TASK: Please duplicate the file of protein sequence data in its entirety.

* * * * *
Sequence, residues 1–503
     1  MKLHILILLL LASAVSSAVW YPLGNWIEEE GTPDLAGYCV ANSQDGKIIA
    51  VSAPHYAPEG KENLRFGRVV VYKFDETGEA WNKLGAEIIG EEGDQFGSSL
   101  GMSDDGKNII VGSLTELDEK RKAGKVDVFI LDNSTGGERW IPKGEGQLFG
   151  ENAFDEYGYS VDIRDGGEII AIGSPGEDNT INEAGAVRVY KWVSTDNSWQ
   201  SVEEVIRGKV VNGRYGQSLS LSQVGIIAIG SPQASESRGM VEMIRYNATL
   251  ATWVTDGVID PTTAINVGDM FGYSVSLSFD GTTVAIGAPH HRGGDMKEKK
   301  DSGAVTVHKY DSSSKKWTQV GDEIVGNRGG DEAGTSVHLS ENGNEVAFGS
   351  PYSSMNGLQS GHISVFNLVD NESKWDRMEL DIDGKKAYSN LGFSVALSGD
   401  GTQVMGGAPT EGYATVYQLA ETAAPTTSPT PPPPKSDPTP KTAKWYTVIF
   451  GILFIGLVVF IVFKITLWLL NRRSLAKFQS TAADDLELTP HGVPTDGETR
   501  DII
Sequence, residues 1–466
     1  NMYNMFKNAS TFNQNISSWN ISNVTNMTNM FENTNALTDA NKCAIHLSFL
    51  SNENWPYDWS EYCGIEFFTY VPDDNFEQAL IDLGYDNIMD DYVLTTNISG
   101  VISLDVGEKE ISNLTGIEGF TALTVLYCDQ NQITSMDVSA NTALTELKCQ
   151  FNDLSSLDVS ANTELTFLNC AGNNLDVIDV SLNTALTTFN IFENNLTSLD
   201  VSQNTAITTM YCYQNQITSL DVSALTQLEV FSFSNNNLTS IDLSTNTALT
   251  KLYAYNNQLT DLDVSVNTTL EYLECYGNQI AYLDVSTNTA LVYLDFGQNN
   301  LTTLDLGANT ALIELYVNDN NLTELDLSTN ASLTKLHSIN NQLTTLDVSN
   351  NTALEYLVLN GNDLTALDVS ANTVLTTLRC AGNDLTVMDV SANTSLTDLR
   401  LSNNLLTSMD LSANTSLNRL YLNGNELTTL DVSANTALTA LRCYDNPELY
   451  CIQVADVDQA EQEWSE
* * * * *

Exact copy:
Sequence, residues 1–503
     1  MKLHILILLL LASAVSSAVW YPLGNWIEEE GTPDLAGYCV ANSQDGKIIA
    51  VSAPHYAPEG KENLRFGRVV VYKFDETGEA WNKLGAEIIG EEGDQFGSSL
   101  GMSDDGKNII VGSLTELDEK RKAGKVDVFI LDNSTGGERW IPKGEGQLFG
   151  ENAFDEYGYS VDIRDGGEII AIGSPGEDNT INEAGAVRVY KWVSTDNSWQ
   201  SVEEVIRGKV VNGRYGQSLS LSQVGIIAIG SPQASESRGM VEMIRYNATL
   251  ATWVTDGVID PTTAINVGDM FGYSVSLSFD GTTVAIGAPH HRGGDMKEKK
   301  DSGAVTVHKY DSSSKKWTQV GDEIVGNRGG DEAGTSVHLS ENGNEVAFGS
   351  PYSSMNGLQS GHISVFNLVD NESKWDRMEL DIDGKKAYSN LGFSVALSGD
   401  GTQVMGGAPT EGYATVYQLA ETAAPTTSPT PPPPKSDPTP KTAKWYTVIF
   451  GILFIGLVVF IVFKITLWLL NRRSLAKFQS TAADDLELTP HGVPTDGETR
   501  DII
Sequence, residues 1–466
     1  NMYNMFKNAS TFNQNISSWN ISNVTNMTNM FENTNALTDA NKCAIHLSFL
    51  SNENWPYDWS EYCGIEFFTY VPDDNFEQAL IDLGYDNIMD DYVLTTNISG
   101  VISLDVGEKE ISNLTGIEGF TALTVLYCDQ NQITSMDVSA NTALTELKCQ
   151  FNDLSSLDVS ANTELTFLNC AGNNLDVIDV SLNTALTTFN IFENNLTSLD
   201  VSQNTAITTM YCYQNQITSL DVSALTQLEV FSFSNNNLTS IDLSTNTALT
   251  KLYAYNNQLT DLDVSVNTTL EYLECYGNQI AYLDVSTNTA LVYLDFGQNN
   301  LTTLDLGANT ALIELYVNDN NLTELDLSTN ASLTKLHSIN NQLTTLDVSN
   351  NTALEYLVLN GNDLTALDVS ANTVLTTLRC AGNDLTVMDV SANTSLTDLR
   401  LSNNLLTSMD LSANTSLNRL YLNGNELTTL DVSANTALTA LRCYDNPELY
   451  CIQVADVDQA EQEWSE